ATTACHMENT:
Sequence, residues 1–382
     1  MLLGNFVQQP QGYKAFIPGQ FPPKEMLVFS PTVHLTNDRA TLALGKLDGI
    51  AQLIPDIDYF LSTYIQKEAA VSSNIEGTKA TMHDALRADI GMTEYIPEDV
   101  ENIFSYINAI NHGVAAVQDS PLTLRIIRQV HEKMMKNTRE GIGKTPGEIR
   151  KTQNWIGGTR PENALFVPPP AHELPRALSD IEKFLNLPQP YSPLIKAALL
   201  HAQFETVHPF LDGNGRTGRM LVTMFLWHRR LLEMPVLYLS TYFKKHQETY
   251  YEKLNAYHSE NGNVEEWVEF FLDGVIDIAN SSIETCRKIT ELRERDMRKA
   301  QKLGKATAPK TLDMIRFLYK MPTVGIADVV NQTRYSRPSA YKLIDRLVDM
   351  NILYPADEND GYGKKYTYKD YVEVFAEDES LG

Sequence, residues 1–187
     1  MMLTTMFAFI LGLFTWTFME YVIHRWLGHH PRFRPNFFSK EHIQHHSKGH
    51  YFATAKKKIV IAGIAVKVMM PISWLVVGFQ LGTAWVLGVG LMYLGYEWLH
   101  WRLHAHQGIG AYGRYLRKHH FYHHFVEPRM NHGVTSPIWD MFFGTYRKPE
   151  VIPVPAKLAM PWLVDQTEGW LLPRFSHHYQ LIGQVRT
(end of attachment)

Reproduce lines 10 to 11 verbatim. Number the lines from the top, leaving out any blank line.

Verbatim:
Sequence, residues 1–187
     1  MMLTTMFAFI LGLFTWTFME YVIHRWLGHH PRFRPNFFSK EHIQHHSKGH